20. says

    Well, I just went on Fandango and got tix for Oppenheimer- I trust Christopher Nolan, and I’m probably the only person here that’s been to Trinity Site. Pretty much a must see.

  21. wzrd1 says

    Well, shit sells. How else can you explain what the other Coppola puts out, you know, Nicolas Cage?
    Or what they turned Starship Troopers into, from the first diluted mishmash to the chain of shit on a stick movies?

    As for the investors, they want zero investment, supreme profits and zero risk. Which means, garbage in, garbage out. So, we get the same resultant quality out of both Hollywood and youtube.

    Although, I did see one youtube video that was surprisingly well done about Titan. Guy has a pressure chamber, made a test cylinder out with carbon fiber and crushed a few. Got them up to around 85 bar.
    That’s good enough that I’d go with making a fleet of experimental ROV’s from it, just to explore the technology.

    Maybe even build that sub properly, outfitting it as a heavily instrumented ROV.

  22. Walter Solomon says

    My friends and I are waiting for Oppenheimer. It’s being directed by Christopher Nolan so I’m guessing it’ll be A Beautiful Mind meets The Dark Knight.

  23. wzrd1 says

    Maybe, although with Oppenheimer, there’d be plenty of chances to have explosions. They used a ludicrous amount of explosives in the Manhattan project before they called in British explosives experts, who finally managed to make a working implosion system.

  24. flange says

    Yes, it’s all about money and profits.
    But the movie industry, and a lot of corporations, are afraid of anything new, especially new ideas, new art. It’s always cheaper and safer to go with an old idea and change it just enough to avoid any risk. The product becomes expected, ordinary, bland, and eventually unmarketable. That’s the true risk.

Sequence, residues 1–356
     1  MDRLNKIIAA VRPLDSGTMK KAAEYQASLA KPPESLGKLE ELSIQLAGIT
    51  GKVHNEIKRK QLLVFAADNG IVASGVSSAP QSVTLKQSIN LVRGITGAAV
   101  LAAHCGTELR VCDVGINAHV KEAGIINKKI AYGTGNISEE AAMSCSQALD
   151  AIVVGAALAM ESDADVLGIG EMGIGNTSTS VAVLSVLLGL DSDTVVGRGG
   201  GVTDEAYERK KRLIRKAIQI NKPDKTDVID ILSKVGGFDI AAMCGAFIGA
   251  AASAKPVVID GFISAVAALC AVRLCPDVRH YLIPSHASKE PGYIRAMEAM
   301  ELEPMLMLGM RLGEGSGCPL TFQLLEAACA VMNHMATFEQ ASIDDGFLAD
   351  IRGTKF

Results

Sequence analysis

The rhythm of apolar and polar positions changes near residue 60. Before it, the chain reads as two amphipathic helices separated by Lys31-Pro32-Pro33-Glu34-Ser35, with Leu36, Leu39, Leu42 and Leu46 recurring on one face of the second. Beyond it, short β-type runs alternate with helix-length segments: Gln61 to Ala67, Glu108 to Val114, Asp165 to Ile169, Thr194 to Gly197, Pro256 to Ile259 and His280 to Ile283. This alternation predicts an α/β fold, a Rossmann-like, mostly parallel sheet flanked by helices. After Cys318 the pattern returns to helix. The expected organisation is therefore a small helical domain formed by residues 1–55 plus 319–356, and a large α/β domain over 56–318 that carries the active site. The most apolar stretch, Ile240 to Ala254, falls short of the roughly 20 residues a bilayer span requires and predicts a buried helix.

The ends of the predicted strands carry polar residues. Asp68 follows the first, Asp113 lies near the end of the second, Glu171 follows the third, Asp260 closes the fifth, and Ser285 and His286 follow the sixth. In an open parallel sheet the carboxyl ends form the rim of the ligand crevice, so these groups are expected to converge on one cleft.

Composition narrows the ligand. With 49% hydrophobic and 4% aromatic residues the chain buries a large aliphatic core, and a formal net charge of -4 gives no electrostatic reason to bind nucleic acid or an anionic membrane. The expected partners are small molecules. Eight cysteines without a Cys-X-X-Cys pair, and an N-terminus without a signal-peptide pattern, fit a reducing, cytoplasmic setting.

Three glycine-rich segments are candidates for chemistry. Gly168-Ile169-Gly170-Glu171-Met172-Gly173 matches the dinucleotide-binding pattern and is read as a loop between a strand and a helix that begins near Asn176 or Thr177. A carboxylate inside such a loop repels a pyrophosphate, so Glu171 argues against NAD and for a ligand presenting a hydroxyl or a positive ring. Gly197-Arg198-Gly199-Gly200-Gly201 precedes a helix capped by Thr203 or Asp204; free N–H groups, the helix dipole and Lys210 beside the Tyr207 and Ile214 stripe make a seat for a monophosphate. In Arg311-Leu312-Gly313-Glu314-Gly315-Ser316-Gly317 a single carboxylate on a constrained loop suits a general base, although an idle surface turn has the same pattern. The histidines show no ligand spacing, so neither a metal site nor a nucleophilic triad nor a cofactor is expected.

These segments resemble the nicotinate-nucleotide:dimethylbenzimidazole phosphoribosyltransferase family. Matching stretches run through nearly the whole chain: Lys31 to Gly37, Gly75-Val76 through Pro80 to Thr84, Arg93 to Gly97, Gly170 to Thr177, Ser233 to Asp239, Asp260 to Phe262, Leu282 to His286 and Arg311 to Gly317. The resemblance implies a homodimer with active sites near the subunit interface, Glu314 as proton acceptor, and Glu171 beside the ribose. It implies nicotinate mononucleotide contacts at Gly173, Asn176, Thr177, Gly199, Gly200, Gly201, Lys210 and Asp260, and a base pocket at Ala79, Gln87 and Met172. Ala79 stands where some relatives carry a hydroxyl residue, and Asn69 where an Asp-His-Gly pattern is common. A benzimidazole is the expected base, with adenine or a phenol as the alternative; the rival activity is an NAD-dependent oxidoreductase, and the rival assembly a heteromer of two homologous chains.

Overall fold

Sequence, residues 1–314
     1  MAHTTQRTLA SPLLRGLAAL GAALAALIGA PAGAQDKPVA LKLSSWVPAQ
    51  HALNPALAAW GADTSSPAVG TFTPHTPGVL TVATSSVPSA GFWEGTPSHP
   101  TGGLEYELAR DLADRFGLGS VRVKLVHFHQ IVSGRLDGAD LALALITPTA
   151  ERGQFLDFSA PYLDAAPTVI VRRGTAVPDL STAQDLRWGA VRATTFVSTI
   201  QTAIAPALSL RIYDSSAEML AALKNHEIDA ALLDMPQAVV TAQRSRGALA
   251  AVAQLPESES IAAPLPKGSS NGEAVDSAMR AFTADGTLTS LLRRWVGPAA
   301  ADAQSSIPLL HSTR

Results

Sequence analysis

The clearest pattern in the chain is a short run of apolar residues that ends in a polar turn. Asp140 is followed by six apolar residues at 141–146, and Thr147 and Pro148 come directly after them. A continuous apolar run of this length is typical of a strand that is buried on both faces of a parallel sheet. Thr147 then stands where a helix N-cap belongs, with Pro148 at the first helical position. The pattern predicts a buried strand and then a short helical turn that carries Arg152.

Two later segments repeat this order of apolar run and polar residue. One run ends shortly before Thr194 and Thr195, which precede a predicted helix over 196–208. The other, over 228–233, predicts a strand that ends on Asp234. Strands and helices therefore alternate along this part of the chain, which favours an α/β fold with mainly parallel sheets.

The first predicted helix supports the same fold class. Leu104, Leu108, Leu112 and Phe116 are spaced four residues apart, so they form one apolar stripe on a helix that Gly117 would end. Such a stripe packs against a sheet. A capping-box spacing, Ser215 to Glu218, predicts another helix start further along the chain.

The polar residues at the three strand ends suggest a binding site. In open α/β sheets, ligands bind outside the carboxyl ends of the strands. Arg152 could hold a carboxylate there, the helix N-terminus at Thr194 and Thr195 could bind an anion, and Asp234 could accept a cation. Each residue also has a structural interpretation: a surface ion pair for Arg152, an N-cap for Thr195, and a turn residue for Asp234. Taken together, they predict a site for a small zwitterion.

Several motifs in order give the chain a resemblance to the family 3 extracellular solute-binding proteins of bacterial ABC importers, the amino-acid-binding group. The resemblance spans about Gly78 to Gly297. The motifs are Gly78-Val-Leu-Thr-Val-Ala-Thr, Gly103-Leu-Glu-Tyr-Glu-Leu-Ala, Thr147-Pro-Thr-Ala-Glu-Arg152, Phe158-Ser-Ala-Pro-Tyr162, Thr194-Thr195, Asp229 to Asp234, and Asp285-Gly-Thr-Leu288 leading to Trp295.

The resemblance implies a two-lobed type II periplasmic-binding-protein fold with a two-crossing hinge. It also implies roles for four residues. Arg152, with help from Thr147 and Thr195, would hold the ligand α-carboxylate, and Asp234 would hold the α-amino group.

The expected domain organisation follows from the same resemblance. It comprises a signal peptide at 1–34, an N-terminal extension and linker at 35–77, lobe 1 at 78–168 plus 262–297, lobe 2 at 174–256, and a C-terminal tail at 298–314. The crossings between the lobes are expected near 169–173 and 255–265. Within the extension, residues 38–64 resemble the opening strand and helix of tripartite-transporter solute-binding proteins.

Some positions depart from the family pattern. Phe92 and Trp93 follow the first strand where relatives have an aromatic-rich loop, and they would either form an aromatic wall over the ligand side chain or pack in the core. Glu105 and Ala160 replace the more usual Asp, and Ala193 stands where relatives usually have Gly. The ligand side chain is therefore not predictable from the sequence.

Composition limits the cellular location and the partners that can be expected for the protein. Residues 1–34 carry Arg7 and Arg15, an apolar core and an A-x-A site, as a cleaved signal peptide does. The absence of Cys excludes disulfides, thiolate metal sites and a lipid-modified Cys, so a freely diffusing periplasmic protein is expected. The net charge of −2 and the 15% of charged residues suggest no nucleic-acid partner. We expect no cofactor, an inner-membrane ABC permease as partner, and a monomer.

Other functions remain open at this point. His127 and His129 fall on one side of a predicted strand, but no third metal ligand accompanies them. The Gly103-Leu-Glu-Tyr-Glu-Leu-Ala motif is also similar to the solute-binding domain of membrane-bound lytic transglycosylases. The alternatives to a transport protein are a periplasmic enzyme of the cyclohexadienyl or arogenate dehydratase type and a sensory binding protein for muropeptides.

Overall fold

25. Steve Morrison says

    @#10: There was actually a brief mention of Leopold’s atrocities in the first Tarzan book.

  26. nomaduk says

    wxrd1@25: I will brooke no disrespect of Nic Cage. He is the one and only Nic, and can do no wrong.

    As to the rest of it, yes, one does wish people at the top weren’t the tasteless, brainless, money-grubbing Philistines that they are, and that they would just put up the cash and let artists do their work.

    But it was ever thus. Emperor Joseph II told Mozart his music had too many notes, or some such.

  27. chrislawson says


    Yep, Hollywood’s record on science fiction is abysmal. Even Arrival watered down the point of the story and added a nonsensical terrorist/political conspiracy plotline that was completely unnecessary — and this is one of the best Hollywood sf adaptations.

  28. joel says

    I agree with PZ and all the commenters here, BUT:

    Everything Everywhere All at Once. Hollywood can still put out really really great stuff when they choose to.

  29. silvrhalide says

    @3 Dune will be fine as long as Denis Villeneuve directs all the films and they stick only to the 6 books that Frank Herbert wrote. Avoid at all costs anything that miserable knuckle-walking troglodyte hack Kevin Anderson ghostwrote for the Dune book series. Makes the sparkly vampire books and fifty shades of crap look like Shakespeare.